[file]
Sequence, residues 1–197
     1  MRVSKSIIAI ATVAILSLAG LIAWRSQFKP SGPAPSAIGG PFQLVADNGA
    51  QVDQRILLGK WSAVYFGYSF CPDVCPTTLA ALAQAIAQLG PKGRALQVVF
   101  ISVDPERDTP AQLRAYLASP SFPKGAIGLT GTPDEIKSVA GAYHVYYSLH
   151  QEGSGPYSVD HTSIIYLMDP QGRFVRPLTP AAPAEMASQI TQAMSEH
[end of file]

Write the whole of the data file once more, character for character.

Sequence, residues 1–197
     1  MRVSKSIIAI ATVAILSLAG LIAWRSQFKP SGPAPSAIGG PFQLVADNGA
    51  QVDQRILLGK WSAVYFGYSF CPDVCPTTLA ALAQAIAQLG PKGRALQVVF
   101  ISVDPERDTP AQLRAYLASP SFPKGAIGLT GTPDEIKSVA GAYHVYYSLH
   151  QEGSGPYSVD HTSIIYLMDP QGRFVRPLTP AAPAEMASQI TQAMSEH